Management: David Husak, founder and CEO, formerly with 3Com and co-founder of Reva Systems; Ephraim Dobbins, co-Founder and vice president of engineering, formerly with Acme Packet.
Fun fact: The ecommerce portion of the company's website includes items such as a sold out bobblehead of company Husak, as well as a $30 million Plexxi jet.
More information: Plexxi
Plexxi executives say much of the talk about SDNs and virtual networks these days is off the mark.
Instead of just re-architecting the network to make it more elastic, scalable and controlled through software, they say the network should be orchestrated from the top down, by applications telling the network what resources they need and the network automatically provisioning itself. That's what Plexxi says its switches and software combination enable customers to do. "We view ourselves as building a solution based on an SDN foundation," says Mat Matthews, a co-founder and vice president of product marketing.
The software layer collects information about applications, analyzes what network resources it's using and creates algorithms to predict what will be needed. It takes that information and relays it to the underlying integrated network hardware devices made by Plexxi - mostly switches - that configure the network to the specifications of the applications.
Plexxi has already seen some success in the financial sector, where organizations are looking for ultra low-latency private cloud infrastructures. The company's system is ideal for networks that include a high number of server connectivity points, and for content delivery and big data applications, according to Plexxi. One early customer has created a premium service cloud computing offering that guarantees no two servers are ever more than one hop away from one another, for example.
The company is made of proud Bostonians. On its website, CEO Husak shows his East Coast pride, noting: "The last time there was a shift of this magnitude in enterprise networking, Boston-based companies led the way. And, it's going to happen that way again."
Headquarters: Sunnyvale, Calif.
Focus: Network virtualization-plus
Funding: $10.7 million in Series A funding from US Venture Partners and Hummer Winblad Partners
Product availability: First half of 2013
Management: Lot of former Cisco employees and engineers, including Co-founder and CEO Awais Nemat, Co-founder and CTO Pere Monclus, Head of Product Management Valentina Alaria and Vice President of Engineering Lele Nardin
More information: PLUMgrid
PLUMgrid has issued an open challenge about why the company is called what it's called. When executives reveal details about the company's plans during a launch event in the spring, CEO Nemat plans to hold a drawing for anyone who guesses right and the winner will take home an iPad.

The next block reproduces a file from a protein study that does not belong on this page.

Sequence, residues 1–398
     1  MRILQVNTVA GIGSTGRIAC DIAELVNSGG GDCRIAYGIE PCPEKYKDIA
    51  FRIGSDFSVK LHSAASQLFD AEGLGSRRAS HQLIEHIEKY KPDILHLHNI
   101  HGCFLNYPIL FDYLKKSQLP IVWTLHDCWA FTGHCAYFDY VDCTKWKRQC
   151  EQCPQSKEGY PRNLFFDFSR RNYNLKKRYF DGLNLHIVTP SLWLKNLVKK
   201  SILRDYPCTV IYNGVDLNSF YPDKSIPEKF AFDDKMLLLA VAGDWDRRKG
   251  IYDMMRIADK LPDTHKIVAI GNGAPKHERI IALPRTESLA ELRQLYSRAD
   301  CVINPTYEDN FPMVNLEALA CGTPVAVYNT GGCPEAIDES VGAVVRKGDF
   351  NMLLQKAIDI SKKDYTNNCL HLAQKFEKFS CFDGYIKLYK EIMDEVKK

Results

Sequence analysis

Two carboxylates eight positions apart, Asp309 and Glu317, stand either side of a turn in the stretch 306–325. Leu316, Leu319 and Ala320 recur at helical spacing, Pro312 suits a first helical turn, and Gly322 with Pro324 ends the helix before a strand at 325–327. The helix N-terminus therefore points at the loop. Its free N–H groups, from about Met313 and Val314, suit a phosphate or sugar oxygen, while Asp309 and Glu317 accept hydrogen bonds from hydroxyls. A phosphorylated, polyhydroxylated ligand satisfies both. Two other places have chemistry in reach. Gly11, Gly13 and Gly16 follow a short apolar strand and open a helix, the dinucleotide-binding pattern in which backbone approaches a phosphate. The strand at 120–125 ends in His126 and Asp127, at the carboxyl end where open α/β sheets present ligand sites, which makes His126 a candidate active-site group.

Nemat is also secretive about exactly what the 50-employee company is up to, but has shared some clues. He promises it will be a virtual networking advancement. The problem with many existing solutions, Nemat says, is that they're not able to work on top of existing network gear, requiring a "rip and replace" model.
PLUMgrid's technology, described as an I/O control system for connecting networks, storage, compute and applications, "lives on top of servers as a software layer that protects existing investments, while also providing a path for greenfield investments," Nemat says. PLUMgrid has decided not to be OpenFlow-based, and is instead developing its own network controlling software.
Headquarters: Palo Alto
Focus: Hardware-accelerated network virtualization for public/private clouds
Product availability: Limited availability of NetVisor software and Server-Switch hardware, with general availability in Q2
Funding: $42 million from NEA, Menlo Ventures, Mohr Davidow Ventures.
Management: CEO Robert Drost and CTO Sunay Tripathi, both formerly with Sun; Vice President of Engineering Ken Yang is on sabbatical from UCLA
More information: Pluribus
While working at Sun as chief architect for storage and network virtualization of Solaris, Pluribus CTO Tripathi kept running into the same problem, as did Sun customers. "Coordinating between multiple networking components is really hard to do," he says. Between the compute virtualization layer, the persistent environment and the different operating systems, hypervisors and applications on each server, it is really difficult to centrally control them.
Tripathi (who holds 80 patents, many related to Solaris, but a variety in virtual switches, too) left Sun to solve this problem, and for the past three years has been building a team to create its Netvisor network operating system and Server-Switch hardware. Similar to how the x86 server ushered in an era of compute virtualization, Tripathi says a new era of networking chips from manufacturers like Fulcrum, Intel and Trident will allow increased programmability of switches. But they still need an operating system to control them, and that's what Pluribus provides.